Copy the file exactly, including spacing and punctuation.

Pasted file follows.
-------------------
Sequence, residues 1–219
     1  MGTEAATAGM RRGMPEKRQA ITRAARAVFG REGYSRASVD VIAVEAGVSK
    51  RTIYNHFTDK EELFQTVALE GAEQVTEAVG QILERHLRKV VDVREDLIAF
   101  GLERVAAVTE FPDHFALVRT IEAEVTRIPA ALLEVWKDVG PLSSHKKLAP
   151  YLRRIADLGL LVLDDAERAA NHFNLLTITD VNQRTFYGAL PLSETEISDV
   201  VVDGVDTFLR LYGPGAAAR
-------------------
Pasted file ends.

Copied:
Sequence, residues 1–219
     1  MGTEAATAGM RRGMPEKRQA ITRAARAVFG REGYSRASVD VIAVEAGVSK
    51  RTIYNHFTDK EELFQTVALE GAEQVTEAVG QILERHLRKV VDVREDLIAF
   101  GLERVAAVTE FPDHFALVRT IEAEVTRIPA ALLEVWKDVG PLSSHKKLAP
   151  YLRRIADLGL LVLDDAERAA NHFNLLTITD VNQRTFYGAL PLSETEISDV
   201  VVDGVDTFLR LYGPGAAAR